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-   -   Form vs. Function (http://www.aikiweb.com/forums/showthread.php?t=1243)

ronin_10562 10-24-2001 09:31 AM

Form vs. Function
 
Does form follow function or does function follow form?
If you do a technique correctly will you end up with the proper form (stance, grips, etc.) or do you focus on the proper form and then your technique will be correct?
I think most focus on the form being correct.

Walt

Jon C Strauss 10-24-2001 10:13 AM

Howdy,

Interesting....

I believe that form follows function.

As nage, you may have to change your form slightly for different size ukes who attack at different speeds, whatever. The end result is (hopefully) still the same: they go "splat."

Peace,
JCS

JPT 10-24-2001 11:29 AM

Plus as nage gets older, they lose their strenght mobility & speed. Which means they will have to slightly change the way they perform the techniques to get the same results as they did in their youth.
:triangle: :circle: :square:

michaelkvance 10-24-2001 12:27 PM

This reminds me of something Robert Fripp once said: "Discipline is not an end, it is a means to an end."

I can spend a long time ruminating on the idea...

m.

TheProdigy 10-24-2001 01:07 PM

They go hand in hand. If one is correct, the other will be also. If one is incorrect, so is the other.

I think the most important underlying aspect is your state of being. It isn't a matter of which foot is where, or whether they fall or not. It's whether you have control of yourself, how relaxed you truly are, whether or not your mind is clear, and so forth. In essence, it's a matter of your level of self-mastery. Gain that, and technique and form will come naturally.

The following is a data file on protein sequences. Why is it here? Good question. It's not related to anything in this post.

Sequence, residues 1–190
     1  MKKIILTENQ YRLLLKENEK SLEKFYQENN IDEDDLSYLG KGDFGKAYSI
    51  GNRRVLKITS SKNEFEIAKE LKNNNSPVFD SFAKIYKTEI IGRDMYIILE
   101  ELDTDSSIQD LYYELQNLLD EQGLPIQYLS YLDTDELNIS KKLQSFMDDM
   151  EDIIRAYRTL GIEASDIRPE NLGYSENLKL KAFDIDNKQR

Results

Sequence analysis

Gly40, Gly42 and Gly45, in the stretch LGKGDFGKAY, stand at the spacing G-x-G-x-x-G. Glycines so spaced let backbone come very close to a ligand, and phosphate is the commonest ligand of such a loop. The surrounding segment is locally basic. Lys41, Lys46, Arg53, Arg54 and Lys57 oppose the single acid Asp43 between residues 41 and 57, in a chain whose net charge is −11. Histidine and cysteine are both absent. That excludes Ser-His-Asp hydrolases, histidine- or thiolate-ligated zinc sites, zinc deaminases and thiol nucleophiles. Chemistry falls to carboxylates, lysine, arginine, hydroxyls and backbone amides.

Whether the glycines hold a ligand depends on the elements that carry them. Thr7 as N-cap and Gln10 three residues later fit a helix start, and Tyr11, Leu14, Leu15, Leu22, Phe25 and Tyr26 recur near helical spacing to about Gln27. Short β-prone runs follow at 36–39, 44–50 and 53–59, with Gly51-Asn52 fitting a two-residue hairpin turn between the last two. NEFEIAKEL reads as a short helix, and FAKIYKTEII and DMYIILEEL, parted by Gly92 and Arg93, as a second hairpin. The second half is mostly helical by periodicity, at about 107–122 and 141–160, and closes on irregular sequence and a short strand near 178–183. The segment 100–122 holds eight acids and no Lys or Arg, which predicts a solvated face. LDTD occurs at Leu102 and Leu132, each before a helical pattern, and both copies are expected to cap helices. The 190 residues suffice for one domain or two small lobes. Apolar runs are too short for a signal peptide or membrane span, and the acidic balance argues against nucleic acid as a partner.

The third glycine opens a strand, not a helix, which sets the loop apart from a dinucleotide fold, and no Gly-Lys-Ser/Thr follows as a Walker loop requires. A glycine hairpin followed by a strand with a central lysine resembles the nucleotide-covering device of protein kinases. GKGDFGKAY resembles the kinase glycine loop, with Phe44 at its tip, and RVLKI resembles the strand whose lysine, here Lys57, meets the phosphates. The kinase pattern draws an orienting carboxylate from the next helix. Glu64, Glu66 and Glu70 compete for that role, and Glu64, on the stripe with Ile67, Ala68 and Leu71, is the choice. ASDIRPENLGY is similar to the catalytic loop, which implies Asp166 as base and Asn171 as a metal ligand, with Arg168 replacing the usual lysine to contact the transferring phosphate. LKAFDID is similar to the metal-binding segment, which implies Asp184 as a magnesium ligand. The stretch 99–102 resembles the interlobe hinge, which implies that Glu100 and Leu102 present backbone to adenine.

At least, this is how I see it right now.

-Jase

ronin_10562 10-25-2001 01:37 PM

Form and function should be practiced and taught at the same time. Like the wings of a bird, they can't fly with out both wings. Understanding the function keeps the form from devolving and having the form keeps the function effecient.

Walt

ian 10-26-2001 04:21 AM

I'd agree with Walter - though I think for beginners, its best to learn form, and then when they are comfortable with that they can start to develop function. I think its a bit like this concept where you have to learn the techniques so well they become part of you - then you can forget them all; and thats when the real ability comes in. However even beginners have to be aware that the 'form' of a technique is not an end in itself.

Difficulty I find when teaching is that the techniques make one whole, but we have to teach little bits of it at a time.

Ian


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